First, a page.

Ride Hailing Company Lyft Targets to Raise $2.4 Billion in IPO


While Uber’s mega $120 billion Initial Public Offering (IPO) remains the talk of the financial world, rival ride-hailing company Lyft has charged ahead with its IPO plans and on Monday announced that they plan to raise $2.4 billion. Although ride-hailing companies have grown exponentially and become a routine presence in most cities, Lyft will be the first company in the industry to go public.

It is interesting to note that according to several reports, Lyft wanted to complete their listing ahead of Uber so that the IPO could not be affected, if the latter had a muted opening in the markets. Lyft is going to list at a price band of $62 to $68 and hopes to raise $2.4 billion, which would effectively give the company a valuation of $20 billion. Lyft, which will be listed under the ticker symbol ‘LYFT,’ will be traded on NASDAQ, but it should be noted that company has not yet announced the date on which it is going to be listed. However, it is believed that listing is going to happen soon and could be listed as soon as next week once the final listing price is decided by the company.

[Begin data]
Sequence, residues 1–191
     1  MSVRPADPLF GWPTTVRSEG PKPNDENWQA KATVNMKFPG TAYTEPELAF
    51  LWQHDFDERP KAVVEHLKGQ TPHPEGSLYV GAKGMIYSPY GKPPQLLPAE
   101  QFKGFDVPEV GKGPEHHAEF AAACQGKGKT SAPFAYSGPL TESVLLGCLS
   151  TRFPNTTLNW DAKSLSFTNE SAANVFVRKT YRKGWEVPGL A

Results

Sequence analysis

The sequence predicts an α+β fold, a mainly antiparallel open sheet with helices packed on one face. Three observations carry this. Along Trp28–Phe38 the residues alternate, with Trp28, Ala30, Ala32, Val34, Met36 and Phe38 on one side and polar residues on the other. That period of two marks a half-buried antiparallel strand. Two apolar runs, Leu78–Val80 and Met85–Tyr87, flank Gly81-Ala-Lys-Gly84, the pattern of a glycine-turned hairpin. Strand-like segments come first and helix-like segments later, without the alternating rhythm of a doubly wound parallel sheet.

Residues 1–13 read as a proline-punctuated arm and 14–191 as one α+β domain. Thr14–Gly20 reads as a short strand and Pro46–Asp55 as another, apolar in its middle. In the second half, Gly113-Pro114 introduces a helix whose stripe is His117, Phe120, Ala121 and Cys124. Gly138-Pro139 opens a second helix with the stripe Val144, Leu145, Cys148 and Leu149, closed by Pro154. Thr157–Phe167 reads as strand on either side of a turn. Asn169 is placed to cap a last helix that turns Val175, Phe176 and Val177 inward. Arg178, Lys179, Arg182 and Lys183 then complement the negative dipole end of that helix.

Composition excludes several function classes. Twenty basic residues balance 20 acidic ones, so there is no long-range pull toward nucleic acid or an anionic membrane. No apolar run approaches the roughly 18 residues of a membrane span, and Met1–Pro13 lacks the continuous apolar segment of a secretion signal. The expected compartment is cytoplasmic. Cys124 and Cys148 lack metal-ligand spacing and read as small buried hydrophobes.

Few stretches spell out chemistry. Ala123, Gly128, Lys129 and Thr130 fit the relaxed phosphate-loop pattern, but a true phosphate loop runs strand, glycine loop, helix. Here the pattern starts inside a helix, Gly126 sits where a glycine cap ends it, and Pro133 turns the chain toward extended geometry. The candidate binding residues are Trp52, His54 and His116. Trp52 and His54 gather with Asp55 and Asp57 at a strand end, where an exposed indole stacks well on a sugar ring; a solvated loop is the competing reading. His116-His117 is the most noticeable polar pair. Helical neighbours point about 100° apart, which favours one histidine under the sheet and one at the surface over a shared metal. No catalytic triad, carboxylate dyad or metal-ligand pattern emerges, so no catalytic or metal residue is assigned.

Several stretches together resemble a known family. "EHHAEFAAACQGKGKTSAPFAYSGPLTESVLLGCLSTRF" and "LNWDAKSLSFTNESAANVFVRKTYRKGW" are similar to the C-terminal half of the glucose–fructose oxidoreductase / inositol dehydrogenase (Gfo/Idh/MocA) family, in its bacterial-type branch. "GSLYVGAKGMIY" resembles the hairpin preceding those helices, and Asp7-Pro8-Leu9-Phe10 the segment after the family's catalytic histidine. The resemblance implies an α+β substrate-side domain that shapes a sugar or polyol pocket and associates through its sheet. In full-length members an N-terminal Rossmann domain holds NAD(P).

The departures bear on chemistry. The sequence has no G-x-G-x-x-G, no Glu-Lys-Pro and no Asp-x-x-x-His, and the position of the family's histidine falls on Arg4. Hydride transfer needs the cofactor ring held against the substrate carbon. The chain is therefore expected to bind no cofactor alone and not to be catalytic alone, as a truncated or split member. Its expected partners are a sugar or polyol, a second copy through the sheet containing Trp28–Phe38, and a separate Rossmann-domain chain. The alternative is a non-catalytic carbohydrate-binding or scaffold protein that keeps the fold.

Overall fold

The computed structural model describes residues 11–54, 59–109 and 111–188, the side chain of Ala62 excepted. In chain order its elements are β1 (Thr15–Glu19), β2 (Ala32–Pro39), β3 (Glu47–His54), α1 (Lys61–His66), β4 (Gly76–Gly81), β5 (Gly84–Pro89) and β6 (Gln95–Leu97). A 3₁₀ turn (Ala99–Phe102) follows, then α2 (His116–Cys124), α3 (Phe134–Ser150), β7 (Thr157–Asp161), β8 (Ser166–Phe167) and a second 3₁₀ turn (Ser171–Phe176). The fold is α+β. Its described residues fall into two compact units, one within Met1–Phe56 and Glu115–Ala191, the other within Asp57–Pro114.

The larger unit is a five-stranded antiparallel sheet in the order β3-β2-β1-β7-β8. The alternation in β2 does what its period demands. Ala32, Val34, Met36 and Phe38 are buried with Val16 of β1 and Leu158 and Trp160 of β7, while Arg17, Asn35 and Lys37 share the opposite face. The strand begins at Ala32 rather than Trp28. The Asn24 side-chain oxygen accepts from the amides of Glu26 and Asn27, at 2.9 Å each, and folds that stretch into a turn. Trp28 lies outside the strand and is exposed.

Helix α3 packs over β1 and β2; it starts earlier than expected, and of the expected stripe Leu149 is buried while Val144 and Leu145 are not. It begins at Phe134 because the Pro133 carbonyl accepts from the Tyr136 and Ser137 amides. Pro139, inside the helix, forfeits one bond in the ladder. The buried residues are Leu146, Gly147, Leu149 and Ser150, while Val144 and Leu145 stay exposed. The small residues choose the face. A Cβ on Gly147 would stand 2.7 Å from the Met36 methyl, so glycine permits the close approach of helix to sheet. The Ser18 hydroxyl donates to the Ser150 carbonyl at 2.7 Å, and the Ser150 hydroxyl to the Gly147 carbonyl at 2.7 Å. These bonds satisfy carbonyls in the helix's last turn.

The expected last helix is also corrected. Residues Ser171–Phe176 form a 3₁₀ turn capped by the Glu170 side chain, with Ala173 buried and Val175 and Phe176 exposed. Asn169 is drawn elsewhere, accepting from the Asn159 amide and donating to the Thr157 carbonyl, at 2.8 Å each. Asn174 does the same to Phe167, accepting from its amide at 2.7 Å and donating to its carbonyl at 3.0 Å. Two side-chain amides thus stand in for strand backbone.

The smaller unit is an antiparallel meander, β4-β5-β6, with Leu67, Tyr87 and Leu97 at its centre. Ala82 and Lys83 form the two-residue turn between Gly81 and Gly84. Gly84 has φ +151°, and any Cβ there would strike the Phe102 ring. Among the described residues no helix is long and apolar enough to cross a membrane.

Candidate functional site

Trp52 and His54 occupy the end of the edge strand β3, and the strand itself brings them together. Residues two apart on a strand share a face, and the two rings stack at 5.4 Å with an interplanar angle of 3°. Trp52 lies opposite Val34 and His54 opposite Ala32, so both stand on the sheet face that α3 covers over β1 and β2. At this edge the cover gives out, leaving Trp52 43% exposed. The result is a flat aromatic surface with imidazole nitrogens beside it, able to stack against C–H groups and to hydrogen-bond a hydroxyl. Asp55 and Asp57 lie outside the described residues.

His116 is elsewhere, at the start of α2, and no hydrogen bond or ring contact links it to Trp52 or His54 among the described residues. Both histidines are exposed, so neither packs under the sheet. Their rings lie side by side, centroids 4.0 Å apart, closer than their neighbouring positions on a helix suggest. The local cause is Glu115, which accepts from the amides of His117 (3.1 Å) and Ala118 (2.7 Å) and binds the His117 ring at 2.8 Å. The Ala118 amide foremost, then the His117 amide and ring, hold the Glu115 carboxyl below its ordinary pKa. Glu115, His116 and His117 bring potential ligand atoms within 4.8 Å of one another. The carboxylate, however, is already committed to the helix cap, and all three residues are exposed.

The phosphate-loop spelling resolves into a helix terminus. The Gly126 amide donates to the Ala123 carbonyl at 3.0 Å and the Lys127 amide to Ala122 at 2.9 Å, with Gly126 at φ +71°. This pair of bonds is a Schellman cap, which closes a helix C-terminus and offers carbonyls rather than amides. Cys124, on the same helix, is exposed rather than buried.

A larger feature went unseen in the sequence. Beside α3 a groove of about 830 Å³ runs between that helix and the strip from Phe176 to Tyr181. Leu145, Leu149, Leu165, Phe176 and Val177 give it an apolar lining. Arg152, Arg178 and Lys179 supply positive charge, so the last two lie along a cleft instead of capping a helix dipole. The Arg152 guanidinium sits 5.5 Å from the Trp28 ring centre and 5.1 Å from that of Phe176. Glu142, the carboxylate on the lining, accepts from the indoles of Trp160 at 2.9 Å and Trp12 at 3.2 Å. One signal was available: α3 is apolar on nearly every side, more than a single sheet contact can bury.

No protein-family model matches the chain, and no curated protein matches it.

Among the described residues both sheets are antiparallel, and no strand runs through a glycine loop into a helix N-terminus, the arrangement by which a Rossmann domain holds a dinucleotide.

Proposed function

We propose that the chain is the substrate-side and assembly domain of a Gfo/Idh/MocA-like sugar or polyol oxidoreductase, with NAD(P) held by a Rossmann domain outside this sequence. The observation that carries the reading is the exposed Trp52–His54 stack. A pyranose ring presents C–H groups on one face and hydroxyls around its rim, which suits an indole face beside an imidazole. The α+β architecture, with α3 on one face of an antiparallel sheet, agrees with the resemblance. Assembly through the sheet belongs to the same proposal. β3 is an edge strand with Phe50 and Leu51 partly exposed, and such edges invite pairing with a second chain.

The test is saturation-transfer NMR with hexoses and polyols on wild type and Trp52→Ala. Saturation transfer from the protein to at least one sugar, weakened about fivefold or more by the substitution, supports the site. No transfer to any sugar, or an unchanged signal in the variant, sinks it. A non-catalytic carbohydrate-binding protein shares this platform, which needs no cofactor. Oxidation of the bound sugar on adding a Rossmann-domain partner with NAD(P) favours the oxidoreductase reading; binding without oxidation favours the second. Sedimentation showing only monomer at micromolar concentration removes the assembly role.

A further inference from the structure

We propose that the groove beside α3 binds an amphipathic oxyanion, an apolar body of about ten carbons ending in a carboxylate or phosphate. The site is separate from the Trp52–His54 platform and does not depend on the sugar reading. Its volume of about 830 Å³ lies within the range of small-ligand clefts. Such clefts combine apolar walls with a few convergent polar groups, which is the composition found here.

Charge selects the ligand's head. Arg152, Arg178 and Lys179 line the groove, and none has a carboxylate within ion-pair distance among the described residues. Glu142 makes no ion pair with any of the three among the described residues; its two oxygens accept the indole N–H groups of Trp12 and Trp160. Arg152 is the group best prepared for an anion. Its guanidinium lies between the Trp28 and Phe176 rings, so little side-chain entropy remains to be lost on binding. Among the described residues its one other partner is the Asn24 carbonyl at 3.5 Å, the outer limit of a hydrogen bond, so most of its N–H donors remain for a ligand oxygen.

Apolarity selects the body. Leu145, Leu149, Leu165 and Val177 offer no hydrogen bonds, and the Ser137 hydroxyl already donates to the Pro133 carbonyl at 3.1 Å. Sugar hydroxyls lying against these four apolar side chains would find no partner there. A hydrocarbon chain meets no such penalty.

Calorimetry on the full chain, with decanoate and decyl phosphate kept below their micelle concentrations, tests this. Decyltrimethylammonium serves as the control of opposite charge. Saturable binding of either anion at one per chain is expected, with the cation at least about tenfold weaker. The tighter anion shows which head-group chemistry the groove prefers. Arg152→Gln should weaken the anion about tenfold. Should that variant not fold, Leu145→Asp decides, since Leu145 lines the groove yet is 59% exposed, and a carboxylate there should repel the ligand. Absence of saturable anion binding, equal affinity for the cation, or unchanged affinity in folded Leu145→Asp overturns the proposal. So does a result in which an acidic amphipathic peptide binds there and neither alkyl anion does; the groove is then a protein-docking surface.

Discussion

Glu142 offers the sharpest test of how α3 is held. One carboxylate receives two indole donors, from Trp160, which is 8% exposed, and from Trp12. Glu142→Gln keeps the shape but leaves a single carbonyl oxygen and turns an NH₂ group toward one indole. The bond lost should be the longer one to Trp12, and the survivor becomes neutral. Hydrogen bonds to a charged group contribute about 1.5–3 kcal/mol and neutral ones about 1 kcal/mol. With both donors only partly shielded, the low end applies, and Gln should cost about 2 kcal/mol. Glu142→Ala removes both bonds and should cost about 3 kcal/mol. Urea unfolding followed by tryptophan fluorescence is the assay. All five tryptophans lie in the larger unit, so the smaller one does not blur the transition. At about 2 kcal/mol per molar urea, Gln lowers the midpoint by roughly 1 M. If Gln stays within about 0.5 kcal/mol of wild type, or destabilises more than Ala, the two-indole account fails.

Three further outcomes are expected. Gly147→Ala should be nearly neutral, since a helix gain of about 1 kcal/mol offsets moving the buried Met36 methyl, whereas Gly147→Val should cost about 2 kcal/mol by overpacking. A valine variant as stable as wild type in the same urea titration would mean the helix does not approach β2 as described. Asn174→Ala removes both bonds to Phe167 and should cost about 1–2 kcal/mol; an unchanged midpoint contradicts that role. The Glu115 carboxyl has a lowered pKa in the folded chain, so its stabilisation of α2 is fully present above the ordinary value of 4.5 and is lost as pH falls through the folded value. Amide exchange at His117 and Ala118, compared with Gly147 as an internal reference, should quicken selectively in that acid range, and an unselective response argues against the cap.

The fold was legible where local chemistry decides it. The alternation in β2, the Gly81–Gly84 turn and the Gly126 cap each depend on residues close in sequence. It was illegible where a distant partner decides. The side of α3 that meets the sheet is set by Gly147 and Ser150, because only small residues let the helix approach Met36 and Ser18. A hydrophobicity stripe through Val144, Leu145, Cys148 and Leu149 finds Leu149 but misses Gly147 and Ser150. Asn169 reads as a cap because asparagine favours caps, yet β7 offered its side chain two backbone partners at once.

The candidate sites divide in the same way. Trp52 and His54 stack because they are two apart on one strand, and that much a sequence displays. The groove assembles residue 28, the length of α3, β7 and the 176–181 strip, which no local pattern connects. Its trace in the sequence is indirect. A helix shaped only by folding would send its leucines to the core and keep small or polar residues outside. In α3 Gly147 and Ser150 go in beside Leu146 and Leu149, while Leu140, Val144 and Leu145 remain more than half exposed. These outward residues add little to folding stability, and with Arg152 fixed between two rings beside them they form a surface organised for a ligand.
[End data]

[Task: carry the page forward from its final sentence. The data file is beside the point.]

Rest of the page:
Although the company is yet to turn a profit, its revenues have grown considerably over the past couple of years, and many customers are moving to its service due to the controversies associated with Uber, also helped them out to some extent. In 2016, Lyft recorded revenues of $343 million, but in 2018, it stood at $2.2 billion. However, losses have mounted as well, and last year alone, the ride-hailing company posted losses to the tune of a staggering $911 million.

The company, however, believe that the scope of growth is immense and it is understandable when one considers the fact that as of now, Lyft has cornered 39% of the rideshare market in the United States alone. It wants to get into new forms of ridesharing services as well, which could include bikes, autonomous cars, and electronic vehicles. Since the company was founded in 2012, it has completed more than a billion rides. In its IPO filing, the company also stated that car ownership is something that should decline eventually. It stated,

“We believe that cities should be built for people, not cars, Mass car ownership strains our cities and reduces the very freedom that cars once provided.”


Kurt Grindstaff

Kurt Grindstaff joined FinanceLong as a Managing Editor. He curates latest happenings of finance world and stock market updates. He covers a range of economic, financial, business and market updates. In the past, he was freelance news writer for some well-known digital publications.

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